Most non-resident Indians (NRIs) are known to be financially savvy. They tend to have a diverse portfolio of investments, in both the immigrating country and India. Undoubtedly, they are aware that insurance plays a critical role in safeguarding the physical and financial well-being of the family. But the question that begs to be asked is: do they need to have insurance in India if they aren’t here?
To understand the need for health and life insurance in India as an NRI, the primary question one needs to ask is whether you will continue to have personal and financial interest in India over the long-term. If the answer is ‘yes,’ then buying insurance or continuing with an existing plan should be on the agenda. Before we touch upon the reasons why non-residents should consider domestic insurance coverage, let’s understand how the change in domiciliary status affects eligibility.
How does change in residency affect NRIs?
Most life insurance plans offer a global coverage, and a change in residency status does not affect the validity of an insurance plan. Even if something unfortunate happens to you outside India, your beneficiaries can receive the claim benefits.
If you have an existing life insurance plan and are looking to immigrate, it is recommended that you update your insurance provider regarding the change in residency. Some insurers may require a declaration. Usually, there is no difference in the premium for resident or non-resident policyholders. However, your service provider may re-evaluate the terms of insurance if the country you are relocating to is considered as ‘high-risk’ on account of civil or political unrest, high crime rate or poor standard of living.
Non-residents can continue their existing plans or purchase a new one, either in India or in their destination country. Ideally, you should do so while visiting India as it saves you additional administrative and medical costs, which you would have to bear for proposing a new policy while abroad.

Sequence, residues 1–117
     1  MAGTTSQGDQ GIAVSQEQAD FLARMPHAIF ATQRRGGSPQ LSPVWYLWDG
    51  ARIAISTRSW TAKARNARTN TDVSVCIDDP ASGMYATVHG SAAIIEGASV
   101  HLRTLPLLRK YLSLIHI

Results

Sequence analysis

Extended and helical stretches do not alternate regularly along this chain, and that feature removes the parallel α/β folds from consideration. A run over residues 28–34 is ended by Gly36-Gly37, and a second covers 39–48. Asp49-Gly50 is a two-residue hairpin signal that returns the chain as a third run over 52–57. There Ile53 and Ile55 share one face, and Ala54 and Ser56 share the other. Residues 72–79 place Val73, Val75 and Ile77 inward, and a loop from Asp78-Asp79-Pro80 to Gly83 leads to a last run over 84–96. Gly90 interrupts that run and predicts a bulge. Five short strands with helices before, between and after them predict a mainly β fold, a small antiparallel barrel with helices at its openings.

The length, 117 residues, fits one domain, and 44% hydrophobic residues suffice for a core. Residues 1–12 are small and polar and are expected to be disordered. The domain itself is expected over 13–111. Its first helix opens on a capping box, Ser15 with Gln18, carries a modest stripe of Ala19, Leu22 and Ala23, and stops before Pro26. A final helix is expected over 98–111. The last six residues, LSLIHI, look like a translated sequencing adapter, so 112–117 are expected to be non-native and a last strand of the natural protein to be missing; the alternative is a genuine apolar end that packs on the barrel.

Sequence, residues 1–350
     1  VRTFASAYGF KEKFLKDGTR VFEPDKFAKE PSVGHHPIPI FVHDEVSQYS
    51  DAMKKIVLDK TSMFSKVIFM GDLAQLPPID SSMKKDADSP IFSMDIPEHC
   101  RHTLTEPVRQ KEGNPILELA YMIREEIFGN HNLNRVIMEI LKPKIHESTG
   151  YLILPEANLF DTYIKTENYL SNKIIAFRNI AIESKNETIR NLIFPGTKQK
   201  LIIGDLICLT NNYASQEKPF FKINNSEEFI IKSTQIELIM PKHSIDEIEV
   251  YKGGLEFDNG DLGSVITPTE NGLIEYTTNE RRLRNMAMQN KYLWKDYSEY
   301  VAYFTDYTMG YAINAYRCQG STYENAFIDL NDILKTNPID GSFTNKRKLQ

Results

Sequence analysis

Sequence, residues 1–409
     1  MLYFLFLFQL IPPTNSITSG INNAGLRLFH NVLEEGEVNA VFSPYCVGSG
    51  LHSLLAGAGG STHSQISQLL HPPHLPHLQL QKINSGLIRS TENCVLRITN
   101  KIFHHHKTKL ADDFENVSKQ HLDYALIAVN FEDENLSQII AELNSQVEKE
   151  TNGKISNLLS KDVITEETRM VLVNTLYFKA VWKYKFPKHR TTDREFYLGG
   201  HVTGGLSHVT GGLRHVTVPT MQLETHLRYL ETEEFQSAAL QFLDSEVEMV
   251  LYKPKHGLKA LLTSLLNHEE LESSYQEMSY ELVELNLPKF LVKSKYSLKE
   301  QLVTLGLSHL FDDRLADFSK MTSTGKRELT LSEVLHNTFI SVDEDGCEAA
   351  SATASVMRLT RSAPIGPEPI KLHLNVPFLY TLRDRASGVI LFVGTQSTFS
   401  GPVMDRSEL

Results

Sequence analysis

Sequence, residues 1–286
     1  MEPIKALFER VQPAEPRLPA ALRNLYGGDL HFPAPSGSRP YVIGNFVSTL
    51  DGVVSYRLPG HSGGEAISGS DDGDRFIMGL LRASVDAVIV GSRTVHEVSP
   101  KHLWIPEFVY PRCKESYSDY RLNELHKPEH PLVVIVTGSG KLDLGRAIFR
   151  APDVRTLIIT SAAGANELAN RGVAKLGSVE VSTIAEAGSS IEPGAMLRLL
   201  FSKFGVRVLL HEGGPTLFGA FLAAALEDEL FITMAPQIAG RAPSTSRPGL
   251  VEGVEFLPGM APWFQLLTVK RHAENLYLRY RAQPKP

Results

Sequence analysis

Also read: COVID crisis: Money matters NRIs must fix before returning to India for good
Health insurance benefits, on the other hand, can only be claimed within India or the geographical limits as specified in your health plan. The protection of health insurance kicks in when you are within domiciliary jurisdiction, but stands pretty much redundant (for self) when abroad. Those who shuttle frequently are better off with separate health plans for each location.
Reasons to consider domestic insurance
Affordability: Insurance costs, especially health insurance in India is amongst the cheapest in the world. While the average annual health plan in India costs about Rs 10,000 to Rs 15,000, the average American resident pays about US$6,000 (Rs 4.4 lakh) for a similar cover. Inexpensive healthcare service, low insurance penetration, government incentives and non-predatory guidelines from IRDAI are some of the factors that keep insurance costs in check.
Safeguard family’s interest: Life insurance serves as a financial safety net for your dependants in India (if any). It ensures a secure future for your spouse/ parents and continued education for children, amongst other shared goals. The proceeds can also be used to settle any outstanding loans and liabilities you may have such as a home loan or car loan, thereby securing an asset for the family.
Also read | Why video KYC must be allowed for NRIs not able to visit India
Continued benefits: Health issues can spring up at any time. Having a domestic health plan mitigates the financial risk of any unanticipated health scare while you are here. You may also need to continue with a health insurance plan if you are the primary policyholder of a group, or a family floater plan, wherein the other beneficiaries are residing in India.
It should also be noted that there is a mandatory waiting period for most critical illnesses. By investing in a health plan at an early age, you can tide over the waiting period and be eligible for insurance benefits if any major health issue pops up later. This benefit can be invaluable if you intend to move back to India permanently in the future, or even take advantage of the inexpensive advanced medical facilities in the event of diagnosis of a critical illness.
Save tax: NRIs who earn a passive source of income in India through investments, rent, etc. can offset a part of their tax liability corresponding to the amount paid for life and/or health insurance premiums under Section 80C and 80D, respectively. This is applicable in select income cases where slab rates apply, and may not be valid for special rates like in the case of equity (any duration) and debt (long-term).
Make sure you understand all the terms and conditions regarding payment processes and repatriation (if applicable), tax implications in India as well as the immigrating country. The right set of insurance plans can prove to be strategic tools for achieving your long-term goals and safeguarding your loved ones.